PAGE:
In this study, we show evidence that both testosterone and E2 play a role in glucose and lipid metabolism, and intrinsic sex differences in metabolism may reveal after sex hormone exposure in human skeletal muscle cell. There is much evidence showing that estradiol plays a role in regulating substrate metabolism, and it had been shown that treatment with estradiol in young men increased skeletal muscle β-oxidation capacity (Maher et al. 2010a). Consistent with this, we have observed an enhanced palmitate oxidation mediated by E2 in myotubes from male donors only, while testosterone exposure enhanced palmitate oxidation in myotubes obtained from both sexes. The effect of testosterone on lipid oxidation occurred in concordance with increased AMPKThr172 phosphorylation, a key factor in the regulation of lipid metabolism (Hardie 2004). IRS2 is also an important regulator of skeletal muscle lipid metabolism in cultured myotubes (Bouzakri et al. 2006), and in this study, we demonstrate that the IRS2 mRNA expression was increased in response to testosterone treatment in both female and male donors, which may explain the enhanced fatty acid oxidation. In addition, administration of testosterone in elderly men has shown to increase muscle mass and muscle strength in a dose-dependent relationship (Storer et al. 2008) which may indicate the important role of testosterone in metabolism and muscle growth (Wolfe et al. 2000). However, any clear changes in the skeletal muscle growth and differentiation were not found in this study.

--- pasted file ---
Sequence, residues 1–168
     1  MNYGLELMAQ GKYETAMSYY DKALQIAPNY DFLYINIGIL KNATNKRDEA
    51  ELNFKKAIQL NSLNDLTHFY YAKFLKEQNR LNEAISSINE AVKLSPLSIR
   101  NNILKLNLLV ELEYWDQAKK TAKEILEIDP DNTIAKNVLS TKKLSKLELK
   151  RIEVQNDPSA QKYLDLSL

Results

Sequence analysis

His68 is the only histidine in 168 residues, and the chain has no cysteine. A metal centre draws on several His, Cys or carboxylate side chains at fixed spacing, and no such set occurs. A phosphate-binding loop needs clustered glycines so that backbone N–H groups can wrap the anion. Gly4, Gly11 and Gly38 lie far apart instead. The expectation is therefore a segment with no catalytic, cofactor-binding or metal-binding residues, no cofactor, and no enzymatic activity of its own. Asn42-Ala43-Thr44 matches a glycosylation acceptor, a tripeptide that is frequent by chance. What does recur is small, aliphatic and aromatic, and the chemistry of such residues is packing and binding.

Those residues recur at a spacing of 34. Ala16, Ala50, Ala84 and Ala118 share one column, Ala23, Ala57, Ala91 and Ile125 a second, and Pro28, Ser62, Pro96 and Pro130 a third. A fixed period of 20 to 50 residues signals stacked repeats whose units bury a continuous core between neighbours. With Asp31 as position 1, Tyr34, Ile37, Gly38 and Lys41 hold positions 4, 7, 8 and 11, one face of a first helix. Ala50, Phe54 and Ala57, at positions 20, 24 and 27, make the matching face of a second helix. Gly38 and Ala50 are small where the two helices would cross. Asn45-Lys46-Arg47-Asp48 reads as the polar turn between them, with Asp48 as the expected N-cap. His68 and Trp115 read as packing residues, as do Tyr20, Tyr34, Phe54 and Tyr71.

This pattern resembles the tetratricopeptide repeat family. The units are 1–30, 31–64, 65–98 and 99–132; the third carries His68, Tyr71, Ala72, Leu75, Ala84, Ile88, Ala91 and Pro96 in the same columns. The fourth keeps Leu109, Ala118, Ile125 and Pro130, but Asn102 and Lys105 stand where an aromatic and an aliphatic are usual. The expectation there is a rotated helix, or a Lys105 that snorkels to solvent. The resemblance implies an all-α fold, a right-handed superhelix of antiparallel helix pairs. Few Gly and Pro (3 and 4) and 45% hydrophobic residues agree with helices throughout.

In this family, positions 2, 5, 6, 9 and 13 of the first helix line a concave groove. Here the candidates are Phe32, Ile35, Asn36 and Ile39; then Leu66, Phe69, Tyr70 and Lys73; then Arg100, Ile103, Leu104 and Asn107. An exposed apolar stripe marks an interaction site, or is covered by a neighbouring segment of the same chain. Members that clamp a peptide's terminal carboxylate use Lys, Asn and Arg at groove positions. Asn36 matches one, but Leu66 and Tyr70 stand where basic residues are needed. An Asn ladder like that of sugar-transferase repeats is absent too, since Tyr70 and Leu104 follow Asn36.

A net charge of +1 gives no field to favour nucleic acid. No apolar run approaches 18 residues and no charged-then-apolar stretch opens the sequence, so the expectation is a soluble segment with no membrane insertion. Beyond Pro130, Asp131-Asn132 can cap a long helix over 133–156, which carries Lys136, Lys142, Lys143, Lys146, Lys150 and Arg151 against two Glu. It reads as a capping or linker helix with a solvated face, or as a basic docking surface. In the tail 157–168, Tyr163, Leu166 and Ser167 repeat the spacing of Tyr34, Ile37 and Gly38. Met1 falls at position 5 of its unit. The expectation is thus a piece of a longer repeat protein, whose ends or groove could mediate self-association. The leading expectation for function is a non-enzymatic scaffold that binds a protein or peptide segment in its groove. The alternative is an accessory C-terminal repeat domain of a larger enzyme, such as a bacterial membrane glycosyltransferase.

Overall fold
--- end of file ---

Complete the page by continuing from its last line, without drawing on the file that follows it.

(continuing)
To investigate the molecular mechanism of testosterone effect on lipid oxidation, we exposed cultured myotubes to the specific AR antagonist, CDX. This inhibitor has been used in cancer research in breast or prostate cancer (Bhattacharyya et al. 2006, Auricchio et al. 2008). Moreover, sex hormone receptor inhibitors have been used to investigate the molecular mechanism of sex hormone action in skeletal muscle (Inoue et al. 1994). Interestingly, we show that the positive effect of testosterone on palmitate oxidation was abolished at the presence of the AR antagonist (CDX). This effect may indicate that testosterone-enhanced palmitate oxidation is via the classical steroid receptor. However, the effect of E2 differs between female and male subjects, and further investigation is warranted to determine the cause of sex-related differences on estradiol-mediated palmitate oxidation.